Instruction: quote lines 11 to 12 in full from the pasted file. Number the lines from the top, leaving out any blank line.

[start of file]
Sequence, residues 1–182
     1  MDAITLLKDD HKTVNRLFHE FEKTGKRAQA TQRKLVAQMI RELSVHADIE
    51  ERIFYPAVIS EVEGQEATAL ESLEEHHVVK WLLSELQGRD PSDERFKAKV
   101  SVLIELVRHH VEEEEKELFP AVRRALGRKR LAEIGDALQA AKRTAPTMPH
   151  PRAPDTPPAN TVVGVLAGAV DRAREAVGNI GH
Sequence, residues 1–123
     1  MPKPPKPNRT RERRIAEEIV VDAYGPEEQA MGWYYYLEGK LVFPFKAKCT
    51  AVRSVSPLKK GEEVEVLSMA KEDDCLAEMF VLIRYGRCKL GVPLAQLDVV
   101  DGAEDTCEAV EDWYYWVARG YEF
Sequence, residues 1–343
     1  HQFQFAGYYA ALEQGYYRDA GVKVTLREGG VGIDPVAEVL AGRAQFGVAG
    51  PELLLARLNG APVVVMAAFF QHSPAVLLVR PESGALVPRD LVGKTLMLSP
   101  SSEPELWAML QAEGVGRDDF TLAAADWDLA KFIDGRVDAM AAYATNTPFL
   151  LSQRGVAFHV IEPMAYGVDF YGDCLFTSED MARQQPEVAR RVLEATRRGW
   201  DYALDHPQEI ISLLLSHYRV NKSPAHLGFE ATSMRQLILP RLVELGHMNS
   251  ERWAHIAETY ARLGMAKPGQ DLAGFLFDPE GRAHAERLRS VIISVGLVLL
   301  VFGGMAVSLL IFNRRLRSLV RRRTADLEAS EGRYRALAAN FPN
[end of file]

     1  HQFQFAGYYA ALEQGYYRDA GVKVTLREGG VGIDPVAEVL AGRAQFGVAG
    51  PELLLARLNG APVVVMAAFF QHSPAVLLVR PESGALVPRD LVGKTLMLSP